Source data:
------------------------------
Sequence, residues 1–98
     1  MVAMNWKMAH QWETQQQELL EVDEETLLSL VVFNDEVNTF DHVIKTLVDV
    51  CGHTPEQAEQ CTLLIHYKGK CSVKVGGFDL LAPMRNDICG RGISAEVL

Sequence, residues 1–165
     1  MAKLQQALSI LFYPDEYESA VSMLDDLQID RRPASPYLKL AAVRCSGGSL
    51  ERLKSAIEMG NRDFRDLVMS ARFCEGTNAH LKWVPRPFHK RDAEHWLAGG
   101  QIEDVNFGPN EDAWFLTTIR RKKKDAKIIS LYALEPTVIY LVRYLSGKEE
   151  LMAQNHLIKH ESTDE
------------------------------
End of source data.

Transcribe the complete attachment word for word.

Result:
Sequence, residues 1–98
     1  MVAMNWKMAH QWETQQQELL EVDEETLLSL VVFNDEVNTF DHVIKTLVDV
    51  CGHTPEQAEQ CTLLIHYKGK CSVKVGGFDL LAPMRNDICG RGISAEVL

Sequence, residues 1–165
     1  MAKLQQALSI LFYPDEYESA VSMLDDLQID RRPASPYLKL AAVRCSGGSL
    51  ERLKSAIEMG NRDFRDLVMS ARFCEGTNAH LKWVPRPFHK RDAEHWLAGG
   101  QIEDVNFGPN EDAWFLTTIR RKKKDAKIIS LYALEPTVIY LVRYLSGKEE
   151  LMAQNHLIKH ESTDE